So show remote teams that you understand the value you bring and what your skills and experience are worth. Research all but guarantees you land on a salary range everyone can agree on.

To Learn More About Your Personality

Another way to think about the salary expectations question is, Why should our company invest in you?

If you shrink in your seat, get nervous, or don’t have an answer prepared, hiring teams will find your lack of confidence and preparedness a red flag. They may wonder if you’ll be as unsure and unprepared on the job, which isn’t a good look. 

On the other hand, if you sit up straight and reply with an intelligently-researched answer, they’ll find your confidence and self-assuredness impressive. They’ll assume you’re always this informed and decisive, which are excellent traits in a potential employee.

So now that you know what’s on the line, grab your notebook as we run through a few:

Do’s and Don’ts for Answering the Salary Expectations Question

Follow this roadmap to come up with a salary expectation that lures hiring teams in like honey (and avoid actions that may leave a sour taste):

Do Figure Out Your Minimum Base Salary

If you don’t know the minimum base salary you can accept, you might agree to one that’s lower than what you can really afford or deserve. So determine your “walk away number” first. Any offers below this number aren’t worth your time.

If you’re a recent grad or changing careers, you may feel as if you should accept any salary offer, but that’s not the case. You still need to calculate your current monthly expenses, financial obligations (like student loans), and future money goals. 

Add up all these for one month, then multiply that number by 12 to figure out your minimum annual salary. Try to add a little extra for unexpected expenses.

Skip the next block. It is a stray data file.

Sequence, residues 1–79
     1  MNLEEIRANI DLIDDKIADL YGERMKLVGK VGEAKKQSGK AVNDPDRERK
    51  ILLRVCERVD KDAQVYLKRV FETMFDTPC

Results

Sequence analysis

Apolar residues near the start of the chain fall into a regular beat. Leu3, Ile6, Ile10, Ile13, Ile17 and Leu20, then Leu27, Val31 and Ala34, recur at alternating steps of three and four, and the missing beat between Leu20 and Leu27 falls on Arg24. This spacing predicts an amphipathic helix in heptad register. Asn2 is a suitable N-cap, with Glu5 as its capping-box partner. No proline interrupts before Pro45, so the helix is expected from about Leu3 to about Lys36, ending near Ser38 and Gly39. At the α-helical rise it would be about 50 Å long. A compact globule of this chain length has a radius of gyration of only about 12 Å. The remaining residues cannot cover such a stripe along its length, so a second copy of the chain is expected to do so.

If you need to relocate for the position or take on additional costs, such as an extra-secure work-from-home office setup, factor this into your salary too. You may be able to have these compensated upfront or rolled into your overall compensation.

Do Your Market Research

To figure out a solid salary expectations range, consider:

  • The industry average for the position in which you’re applying
  • Your location and the company’s location
  • The size of the company
  • Your career level and years of work experience
  • Your education, certifications, etc.
  • Your career achievements

It’s easy to find average salaries for positions online. The US Bureau of Labor Statistics has a ton of federal data you can geek out on. Browse national compensation data, wages by occupation and location, and even earnings by industry. 

Check out sites like 81cents, a woman-founded and led organization to help close pay gaps for underrepresented minorities, too. You’ll find intel to navigate fair compensation and gain the confidence to go for it.

During your research, you may see that remote marketing jobs average $75,000 per year, for example. But digital marketers with an MBA or high-level certifications might command $100,000. Your experience may fall somewhere in the middle.

Do Consider Employee Benefits and Additional Perks 

Compensation doesn’t only fall in the salary bucket. Some of the best company benefits every remote team should get are worth their weight in gold.

Comprehensive healthcare coverage, unlimited vacation days, free childcare, health and wellness stipends, student loan repayment, etc., will all save you money. Receiving equity or stock options may pay off more than your initial salary later down the road.